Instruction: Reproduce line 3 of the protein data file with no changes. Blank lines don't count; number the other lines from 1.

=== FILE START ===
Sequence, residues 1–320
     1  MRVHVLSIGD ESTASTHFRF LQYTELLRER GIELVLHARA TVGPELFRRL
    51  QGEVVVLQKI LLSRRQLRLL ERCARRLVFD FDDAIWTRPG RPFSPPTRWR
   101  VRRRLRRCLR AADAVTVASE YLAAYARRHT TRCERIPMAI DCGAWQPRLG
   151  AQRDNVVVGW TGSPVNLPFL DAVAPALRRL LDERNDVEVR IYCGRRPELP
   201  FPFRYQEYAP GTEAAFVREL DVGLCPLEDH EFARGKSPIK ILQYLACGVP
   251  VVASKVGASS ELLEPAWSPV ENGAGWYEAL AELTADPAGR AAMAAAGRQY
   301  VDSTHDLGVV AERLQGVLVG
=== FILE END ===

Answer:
    51  QGEVVVLQKI LLSRRQLRLL ERCARRLVFD FDDAIWTRPG RPFSPPTRWR